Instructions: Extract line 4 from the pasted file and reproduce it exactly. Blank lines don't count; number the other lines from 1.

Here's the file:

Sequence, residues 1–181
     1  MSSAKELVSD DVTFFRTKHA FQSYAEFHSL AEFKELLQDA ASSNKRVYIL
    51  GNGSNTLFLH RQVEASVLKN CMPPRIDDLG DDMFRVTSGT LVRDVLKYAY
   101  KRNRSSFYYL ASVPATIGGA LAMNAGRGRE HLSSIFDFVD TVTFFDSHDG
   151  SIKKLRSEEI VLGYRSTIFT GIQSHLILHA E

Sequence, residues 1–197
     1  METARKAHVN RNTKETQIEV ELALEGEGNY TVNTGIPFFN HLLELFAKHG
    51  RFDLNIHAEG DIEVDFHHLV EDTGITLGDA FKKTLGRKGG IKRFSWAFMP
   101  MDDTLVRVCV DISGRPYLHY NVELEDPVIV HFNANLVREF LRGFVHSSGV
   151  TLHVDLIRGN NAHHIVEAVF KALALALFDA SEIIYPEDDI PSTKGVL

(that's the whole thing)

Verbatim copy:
   101  KRNRSSFYYL ASVPATIGGA LAMNAGRGRE HLSSIFDFVD TVTFFDSHDG